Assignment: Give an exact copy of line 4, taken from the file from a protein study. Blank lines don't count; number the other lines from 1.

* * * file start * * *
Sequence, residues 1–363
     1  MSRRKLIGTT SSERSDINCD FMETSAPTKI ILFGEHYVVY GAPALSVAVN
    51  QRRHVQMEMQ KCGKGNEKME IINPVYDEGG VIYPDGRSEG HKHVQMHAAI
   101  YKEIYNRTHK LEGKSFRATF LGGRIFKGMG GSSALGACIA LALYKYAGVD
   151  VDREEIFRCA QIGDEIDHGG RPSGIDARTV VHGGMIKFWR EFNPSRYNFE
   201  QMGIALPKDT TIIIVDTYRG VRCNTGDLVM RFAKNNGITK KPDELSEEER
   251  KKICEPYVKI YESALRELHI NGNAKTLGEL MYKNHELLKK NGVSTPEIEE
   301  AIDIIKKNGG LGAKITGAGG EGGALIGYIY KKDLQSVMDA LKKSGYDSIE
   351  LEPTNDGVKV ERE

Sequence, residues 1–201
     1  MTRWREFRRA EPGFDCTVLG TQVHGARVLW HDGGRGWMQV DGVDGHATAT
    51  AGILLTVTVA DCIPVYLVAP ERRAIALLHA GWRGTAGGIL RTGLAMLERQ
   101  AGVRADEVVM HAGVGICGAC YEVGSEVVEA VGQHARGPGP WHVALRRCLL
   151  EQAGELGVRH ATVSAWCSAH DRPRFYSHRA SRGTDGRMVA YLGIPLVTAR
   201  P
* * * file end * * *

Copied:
   101  YKEIYNRTHK LEGKSFRATF LGGRIFKGMG GSSALGACIA LALYKYAGVD